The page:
From the practical to the surreal – back in the day you could buy a multi-function camera support. It was basically a plastic G clamp but the advertisers said you could screw it to a tree or attach the little legs to turn it into a table tripod. Total con, but I bought one. Still have it. Never used it. It’s like those Swiss Army knives that are so fat with extra blades that you can’t carry or use them. But if I ever do have to attach a lightweight camera to a tree or fence, I will wonder where I put it.

clamp
Might be useful for attaching a camera to a beer glass

I tend to shoot a lot of stuff that is fluid (not a deliberate pun, honest) where a tripod is out of the question. I did try in the past to recreate something like a rifle sling, where I could pull the camera against myself , but I couldn’t make it work well. It might be worth trying the idea with a mirrorless camera, as you don’t need to hold them to your eye to use them. It did feel like a good method for pulling the tripod socket out of the camera body though. Anyway, people shoot with five-digit ISO these days and don’t need a tripod for support.

So there is a bunch of other stuff I’ve tried to find a comfortable support. Some people rate the little tabletop tripods. I’ve tried one, but I find it too small to be a tripod and too big to be convenient. When I’ve been out at night in urban areas I have tended to use a beanbag. Easy to place on a wall or even the ground and not too much grief to carry about. It still means that you are carrying around something that weighs as much as a camera and isn’t a camera, though. I saw one of those useful ‘ten tips for steady shooting’ articles that suggested using a bit of string with a 1/4″ bolt on the end. The idea is that you put the bolt in the tripod socket of the camera, drop the string on the floor, tread on it and pull up on the camera. Instant steadiness without the need for a tripod.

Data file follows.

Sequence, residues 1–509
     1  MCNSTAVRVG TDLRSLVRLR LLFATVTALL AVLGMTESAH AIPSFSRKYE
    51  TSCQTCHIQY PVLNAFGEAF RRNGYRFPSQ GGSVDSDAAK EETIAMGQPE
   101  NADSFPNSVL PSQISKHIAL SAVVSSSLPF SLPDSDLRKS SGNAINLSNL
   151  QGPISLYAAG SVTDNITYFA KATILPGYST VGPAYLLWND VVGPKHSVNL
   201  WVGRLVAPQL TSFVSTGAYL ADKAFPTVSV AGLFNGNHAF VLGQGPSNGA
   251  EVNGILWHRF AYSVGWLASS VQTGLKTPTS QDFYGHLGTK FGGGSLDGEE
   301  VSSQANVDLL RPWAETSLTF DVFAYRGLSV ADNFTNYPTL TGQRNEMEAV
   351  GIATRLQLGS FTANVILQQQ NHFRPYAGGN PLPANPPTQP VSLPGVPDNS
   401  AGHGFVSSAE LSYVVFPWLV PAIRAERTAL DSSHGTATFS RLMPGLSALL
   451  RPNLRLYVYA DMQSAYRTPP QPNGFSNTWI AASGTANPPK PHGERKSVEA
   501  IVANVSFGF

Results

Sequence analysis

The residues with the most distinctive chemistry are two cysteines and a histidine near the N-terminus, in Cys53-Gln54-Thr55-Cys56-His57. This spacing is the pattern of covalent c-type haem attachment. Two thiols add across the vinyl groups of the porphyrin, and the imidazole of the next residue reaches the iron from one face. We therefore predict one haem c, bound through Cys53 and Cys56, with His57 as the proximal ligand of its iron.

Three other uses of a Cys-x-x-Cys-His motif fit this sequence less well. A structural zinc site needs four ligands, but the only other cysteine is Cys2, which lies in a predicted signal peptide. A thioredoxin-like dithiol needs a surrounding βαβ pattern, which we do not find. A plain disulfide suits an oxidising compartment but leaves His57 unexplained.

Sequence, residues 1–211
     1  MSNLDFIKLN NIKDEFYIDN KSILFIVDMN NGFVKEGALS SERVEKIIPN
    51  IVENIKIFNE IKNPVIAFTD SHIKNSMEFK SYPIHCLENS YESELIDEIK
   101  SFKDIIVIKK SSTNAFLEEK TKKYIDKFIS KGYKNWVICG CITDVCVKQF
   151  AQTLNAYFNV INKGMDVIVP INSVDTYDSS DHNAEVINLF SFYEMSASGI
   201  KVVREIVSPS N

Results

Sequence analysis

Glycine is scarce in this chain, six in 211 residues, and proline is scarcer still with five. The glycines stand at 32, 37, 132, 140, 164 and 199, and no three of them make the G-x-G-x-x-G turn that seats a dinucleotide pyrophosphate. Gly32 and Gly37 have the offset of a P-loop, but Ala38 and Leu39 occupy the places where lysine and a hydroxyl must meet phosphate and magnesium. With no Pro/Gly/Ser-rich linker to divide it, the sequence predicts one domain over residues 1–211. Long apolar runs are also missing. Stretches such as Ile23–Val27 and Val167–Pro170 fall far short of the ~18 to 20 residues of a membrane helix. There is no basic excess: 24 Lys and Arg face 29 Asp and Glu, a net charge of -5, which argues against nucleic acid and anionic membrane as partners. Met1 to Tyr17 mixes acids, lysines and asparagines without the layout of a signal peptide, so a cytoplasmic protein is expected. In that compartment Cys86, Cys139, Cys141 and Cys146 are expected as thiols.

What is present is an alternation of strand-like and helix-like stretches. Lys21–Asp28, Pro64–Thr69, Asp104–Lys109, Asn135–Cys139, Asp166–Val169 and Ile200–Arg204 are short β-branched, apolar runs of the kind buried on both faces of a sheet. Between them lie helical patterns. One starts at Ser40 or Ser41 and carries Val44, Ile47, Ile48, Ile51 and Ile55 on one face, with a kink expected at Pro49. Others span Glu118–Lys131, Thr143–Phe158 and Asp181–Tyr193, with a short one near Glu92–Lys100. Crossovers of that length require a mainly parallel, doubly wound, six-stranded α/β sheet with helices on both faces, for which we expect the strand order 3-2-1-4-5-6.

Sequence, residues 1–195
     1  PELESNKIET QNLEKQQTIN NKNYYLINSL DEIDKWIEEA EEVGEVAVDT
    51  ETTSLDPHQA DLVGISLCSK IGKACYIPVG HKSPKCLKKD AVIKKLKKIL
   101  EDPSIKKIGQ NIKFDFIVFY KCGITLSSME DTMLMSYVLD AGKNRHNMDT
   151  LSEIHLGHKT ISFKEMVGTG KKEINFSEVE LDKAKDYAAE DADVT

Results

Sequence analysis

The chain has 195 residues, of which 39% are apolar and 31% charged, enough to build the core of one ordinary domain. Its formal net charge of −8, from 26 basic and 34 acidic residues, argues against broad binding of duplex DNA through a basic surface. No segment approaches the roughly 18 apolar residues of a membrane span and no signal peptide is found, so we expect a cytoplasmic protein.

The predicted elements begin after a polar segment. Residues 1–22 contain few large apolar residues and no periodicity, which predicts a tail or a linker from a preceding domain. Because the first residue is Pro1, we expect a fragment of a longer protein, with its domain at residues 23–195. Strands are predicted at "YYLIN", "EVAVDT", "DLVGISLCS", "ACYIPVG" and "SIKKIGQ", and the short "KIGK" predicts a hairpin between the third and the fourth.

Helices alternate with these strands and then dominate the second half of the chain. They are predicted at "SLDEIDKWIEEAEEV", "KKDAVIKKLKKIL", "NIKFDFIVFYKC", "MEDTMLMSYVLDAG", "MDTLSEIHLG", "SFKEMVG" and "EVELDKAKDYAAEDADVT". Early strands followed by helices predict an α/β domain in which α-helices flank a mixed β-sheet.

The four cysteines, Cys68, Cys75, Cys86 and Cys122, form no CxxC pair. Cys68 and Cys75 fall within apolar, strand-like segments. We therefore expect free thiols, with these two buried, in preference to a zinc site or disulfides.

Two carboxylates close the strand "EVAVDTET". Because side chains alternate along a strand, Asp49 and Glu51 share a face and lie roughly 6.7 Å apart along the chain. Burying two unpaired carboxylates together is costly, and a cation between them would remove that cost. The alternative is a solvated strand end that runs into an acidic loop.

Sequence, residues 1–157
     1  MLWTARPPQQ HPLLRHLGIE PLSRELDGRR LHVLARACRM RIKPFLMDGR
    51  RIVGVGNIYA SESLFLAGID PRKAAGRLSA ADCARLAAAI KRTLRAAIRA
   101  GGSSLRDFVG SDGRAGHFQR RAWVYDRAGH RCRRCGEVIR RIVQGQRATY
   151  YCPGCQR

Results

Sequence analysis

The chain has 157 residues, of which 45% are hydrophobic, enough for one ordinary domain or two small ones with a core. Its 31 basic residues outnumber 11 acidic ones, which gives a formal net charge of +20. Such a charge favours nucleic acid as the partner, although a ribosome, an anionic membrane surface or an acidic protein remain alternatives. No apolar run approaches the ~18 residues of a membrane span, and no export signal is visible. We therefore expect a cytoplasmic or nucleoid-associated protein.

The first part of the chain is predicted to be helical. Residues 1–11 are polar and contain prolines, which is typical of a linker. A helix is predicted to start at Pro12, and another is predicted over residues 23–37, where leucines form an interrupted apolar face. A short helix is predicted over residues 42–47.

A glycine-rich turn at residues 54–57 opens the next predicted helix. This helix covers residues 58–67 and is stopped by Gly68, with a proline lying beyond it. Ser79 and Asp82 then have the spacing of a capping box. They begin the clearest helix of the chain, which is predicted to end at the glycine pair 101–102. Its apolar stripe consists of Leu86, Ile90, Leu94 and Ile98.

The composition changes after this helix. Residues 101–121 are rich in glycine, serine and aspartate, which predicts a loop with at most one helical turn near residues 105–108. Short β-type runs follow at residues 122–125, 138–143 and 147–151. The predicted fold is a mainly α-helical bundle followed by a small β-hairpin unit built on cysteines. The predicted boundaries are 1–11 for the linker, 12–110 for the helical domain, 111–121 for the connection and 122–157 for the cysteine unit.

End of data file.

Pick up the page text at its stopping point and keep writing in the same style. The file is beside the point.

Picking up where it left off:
Mini

It does work, after a fashion. You really need the tripod socket to be central on the camera and it’s a fiddle to fit and remove. Ideally, before you use it in anger, you will practice and tie a knot at the point your foot should be. And remember to take it off before you try to walk away. I believe there was an equivalent in days of yore when real men used TLRs of pulling down on the camera to tighten the neck strap as a form of brace. A bit like the rifle sling idea, but practical.

pod
A beanbag with a tripod screw

I suppose the ultimate aid to steadiness is something like the Zenit Photosniper or the Novoflex. I’ve written about them before. And like the photographer’s waistcoat, all sadly confined to a more innocent past. These days you can get arrested for taking a picture out of an airliner window.

But these days it seems to matter less. I’ve seen someone shooting a group in dim light that I would have needed a tripod and flash for, and all he did was push the ISO. The results were fine, maybe even better than using flash as there were no awkward shadows. If looking at the back of your camera is chimping, can I call this cheesbugging? (It’s an ISO ‘pod. Sorry.)

You heard it here first. And last.

Update – I found the weird clampy thing.

Clamp thing

Author: fupduckphoto

Still wishing I knew what was going on.

One thought on “Pod people”